29 April: openings

I missed this last time it came around as an LJ meme. But I'm frantically cat-vacuuming, and Making Light has a new thread on story openings. So here are a few of mine:

It took Allard precisely ten seconds to diagnose why "the screen thingy went all black."

"That's the fifth power-cable out of its socket I've seen today," he snarled gently. Time to go through the job ads. It could be very therapeutic to reassure himself that there was a vast market out there for sysadmins who had got tired of the current bunch of morons they were working with. He tried not to remember that the vast market was largely composed of other bunches of morons who had recently pushed their previous sysadmins beyond the point of tolerance. If nothing else, if he found a job on another planet, at least it would be a change of scenery.
-- The Syndicate

There's a village I live in for part of the year, one of those small villages where everyone knows everyone else and their genealogy, or so it seems. I'm not such a fool as to think that I’ve been accepted by the locals as one of them, but at least I've been classed as a useful resident rather than as a damned nuisance tourist -- or worse, a weekender. I’d rather keep that designation, so I'll not be naming the village in question.
-- Spindrift

"We surrender!"

Reeve thought for a second, then gave the ceasefire order and stared at the screen.

The prison transport lay before them, not just dropped into normal space, but stalled completely. Reeve chewed on his thumbnail, considering the screen. This was just a little too easy -- prison service ships weren't normally crewed by fight-to-the-last-man types, but they also weren't pushovers. And if any Protectorate prison transport was to be fitted with heavy armaments, it would be the one selected to carry a convicted Union spy to her punishment. He’d been lucky with the brief exchange of fire, the transport's shields going down at the first hit to give him free access to her engines, but still it seemed too lucky.
-- Mindscan

25 April: meh

Just been cleaning out the spam trap for the first time in a couple of months, and found what looked at first glance like a piece of fanmail from two months back, which made me feel guilty. On second glance, I felt less guilty because it's giving me vibes of form letter. *Targeted* form letter, but -- feels to me like he's got a short list of small press authors and has sent the same couple of questions to several people. Now, if I'd actually seen it when it first arrived, I'd have answered it anyway (perfectly sane writer chit-chat type questions), but at this late date I'm debating whether to do so. Potential for rudeness if I've mis-read the situation, but really, if it is a mailshot of sorts, then there's probably little point by now.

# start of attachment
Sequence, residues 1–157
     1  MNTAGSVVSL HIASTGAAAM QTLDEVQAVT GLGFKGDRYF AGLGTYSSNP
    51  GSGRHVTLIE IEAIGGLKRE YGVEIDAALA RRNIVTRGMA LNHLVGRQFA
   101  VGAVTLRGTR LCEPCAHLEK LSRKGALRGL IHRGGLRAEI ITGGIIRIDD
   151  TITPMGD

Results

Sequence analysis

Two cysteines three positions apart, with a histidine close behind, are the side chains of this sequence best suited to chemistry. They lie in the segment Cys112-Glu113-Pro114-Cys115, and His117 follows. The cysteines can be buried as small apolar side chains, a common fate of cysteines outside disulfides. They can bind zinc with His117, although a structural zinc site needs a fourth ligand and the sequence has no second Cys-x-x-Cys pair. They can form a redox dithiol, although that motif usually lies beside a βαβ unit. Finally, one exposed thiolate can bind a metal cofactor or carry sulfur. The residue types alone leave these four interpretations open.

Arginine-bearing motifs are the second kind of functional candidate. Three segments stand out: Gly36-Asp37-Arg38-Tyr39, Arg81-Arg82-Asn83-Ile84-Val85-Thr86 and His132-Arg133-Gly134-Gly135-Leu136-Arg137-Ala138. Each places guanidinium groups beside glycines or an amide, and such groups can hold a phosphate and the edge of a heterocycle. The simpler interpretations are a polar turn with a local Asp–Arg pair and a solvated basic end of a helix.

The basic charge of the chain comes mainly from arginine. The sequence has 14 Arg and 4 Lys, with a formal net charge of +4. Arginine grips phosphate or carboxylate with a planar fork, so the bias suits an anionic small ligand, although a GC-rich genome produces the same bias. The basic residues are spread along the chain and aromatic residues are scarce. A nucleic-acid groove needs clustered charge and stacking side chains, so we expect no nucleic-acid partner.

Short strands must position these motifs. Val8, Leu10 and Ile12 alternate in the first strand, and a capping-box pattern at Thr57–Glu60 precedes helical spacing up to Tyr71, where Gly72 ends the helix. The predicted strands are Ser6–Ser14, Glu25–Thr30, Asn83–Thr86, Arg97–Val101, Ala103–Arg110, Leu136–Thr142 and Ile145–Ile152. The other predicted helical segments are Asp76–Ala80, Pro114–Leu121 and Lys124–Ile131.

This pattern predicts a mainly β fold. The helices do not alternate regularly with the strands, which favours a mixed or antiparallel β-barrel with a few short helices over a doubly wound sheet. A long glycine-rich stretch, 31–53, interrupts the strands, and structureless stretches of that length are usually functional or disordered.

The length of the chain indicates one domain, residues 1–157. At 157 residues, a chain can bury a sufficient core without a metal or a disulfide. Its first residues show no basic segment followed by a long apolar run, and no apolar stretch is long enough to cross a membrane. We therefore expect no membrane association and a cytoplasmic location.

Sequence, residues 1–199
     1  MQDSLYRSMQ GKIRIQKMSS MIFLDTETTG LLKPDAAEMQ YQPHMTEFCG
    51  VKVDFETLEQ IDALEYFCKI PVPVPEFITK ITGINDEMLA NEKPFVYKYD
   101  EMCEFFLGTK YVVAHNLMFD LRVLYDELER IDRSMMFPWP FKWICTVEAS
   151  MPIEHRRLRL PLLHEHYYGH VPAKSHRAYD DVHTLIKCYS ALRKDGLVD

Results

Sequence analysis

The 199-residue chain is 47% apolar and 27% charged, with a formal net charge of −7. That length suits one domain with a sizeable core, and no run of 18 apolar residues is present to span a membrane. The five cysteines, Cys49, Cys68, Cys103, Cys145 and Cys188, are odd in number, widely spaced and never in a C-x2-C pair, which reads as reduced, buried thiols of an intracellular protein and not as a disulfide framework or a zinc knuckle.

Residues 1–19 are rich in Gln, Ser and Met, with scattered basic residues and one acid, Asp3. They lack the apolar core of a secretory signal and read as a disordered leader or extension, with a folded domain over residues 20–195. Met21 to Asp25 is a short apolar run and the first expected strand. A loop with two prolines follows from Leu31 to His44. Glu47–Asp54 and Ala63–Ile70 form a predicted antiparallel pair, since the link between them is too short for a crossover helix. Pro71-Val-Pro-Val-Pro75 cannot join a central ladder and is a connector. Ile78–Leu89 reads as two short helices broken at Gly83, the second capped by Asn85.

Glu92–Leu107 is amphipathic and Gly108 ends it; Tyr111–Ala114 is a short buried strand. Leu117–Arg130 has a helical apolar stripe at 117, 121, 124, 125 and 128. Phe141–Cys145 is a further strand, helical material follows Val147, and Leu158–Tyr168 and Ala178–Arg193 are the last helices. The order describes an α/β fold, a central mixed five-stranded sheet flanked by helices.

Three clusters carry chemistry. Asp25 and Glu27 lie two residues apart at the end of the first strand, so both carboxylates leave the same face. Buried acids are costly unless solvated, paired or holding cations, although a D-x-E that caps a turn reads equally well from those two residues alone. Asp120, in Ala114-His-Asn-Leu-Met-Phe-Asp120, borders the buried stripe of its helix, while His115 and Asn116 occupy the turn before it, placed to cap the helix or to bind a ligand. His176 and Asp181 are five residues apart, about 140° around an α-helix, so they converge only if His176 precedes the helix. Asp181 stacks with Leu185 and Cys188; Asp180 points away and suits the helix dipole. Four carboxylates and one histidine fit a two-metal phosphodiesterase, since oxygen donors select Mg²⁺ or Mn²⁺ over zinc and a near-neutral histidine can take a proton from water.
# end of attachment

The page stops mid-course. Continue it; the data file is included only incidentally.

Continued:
24 April: More free stuff

I have been known to participate in the writing of filks. There is now a free-to-download zine, in both A4 and US letter size for convenient printing, which includes two filks I contributed to. The Clues and Gropes zine is a product of the Obscene Filkers LJ community. Consider that your only content warning.


24 April: faints with joy...

Just watched That Scene in broadcast quality for the first time in years. In fact, all of the final scene from the scene break point on the DVD menu. Oh my. Gareth can be very, very scary when he chooses to be...

24 April: Region 2 goodness

(Most of) my latest order from Amazon UK has arrived -- final season of Blake's 7, final season of Life on Mars, and the boxed set of both series of the original Queer As Folk.

Yes, I know that it's a package that's campier than a field full of pink tents, so don't bother making comments to that effect. And we've already got Carry On Up The Khyber, thank you for asking. :-)

23 April: miracles will never cease

We have a through lounge with a large window at the front, and a patio window and door at the back. I leave the door open in summer, which means that every so often a bird attempts to fly right through the room. I usually realise this is happening because there is a whir of wings followed by a loud thump and bewildered squawk next to me as the bird bounces off the front window. Sometimes they persist in trying to fly through the window, sometimes they go back the way they came, and all too often bounce off the window at that end instead of finding the actual opening. I've had several iterations of this happen while I close all doors and curtains in the room aside from over the actual opening at the patio so that the bird can find it.

*This* time, there was a whirring and indignant squawk, but no thump. I looked round and found the bird *hovering*, staring at the window with a definite air of "WTF?", obviously having pulled up just in time. It then turned round and headed back, finding the open side of the patio window. I presume this one actually saw the flyscreen mesh and realised that there was something there, even if it could see through.

23 April: International Pixel-Stained Technopeasant Day, part the second

Just added my short story from Ultimate Gay Erotica 2005 to my website in honour of International Pixel-Stained Technopeasant Day. I'm off out now to meet for lunch, so I don't have time right now to update the index page and add links elsewhere (will do this afternoon), but you'll find the story here: http://www.julesjones.com/fiction/naked.html

Note: explicit gay sex, BDSM content. It's also not typical of my work, in that it's the only time I've looked at a story after the editor has been at it with a red pen, and thought that it no longer felt like my voice. But it was something I knew I had the web rights to without having to check through the contract. :-)

23 April: International Pixel-Stained Technopeasant Day, part the first